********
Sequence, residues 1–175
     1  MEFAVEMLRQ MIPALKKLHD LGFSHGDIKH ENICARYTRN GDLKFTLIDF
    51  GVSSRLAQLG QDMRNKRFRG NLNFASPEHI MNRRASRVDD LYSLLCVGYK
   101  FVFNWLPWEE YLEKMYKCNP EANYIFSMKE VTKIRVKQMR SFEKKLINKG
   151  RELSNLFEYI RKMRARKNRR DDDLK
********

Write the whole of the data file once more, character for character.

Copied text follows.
Sequence, residues 1–175
     1  MEFAVEMLRQ MIPALKKLHD LGFSHGDIKH ENICARYTRN GDLKFTLIDF
    51  GVSSRLAQLG QDMRNKRFRG NLNFASPEHI MNRRASRVDD LYSLLCVGYK
   101  FVFNWLPWEE YLEKMYKCNP EANYIFSMKE VTKIRVKQMR SFEKKLINKG
   151  RELSNLFEYI RKMRARKNRR DDDLK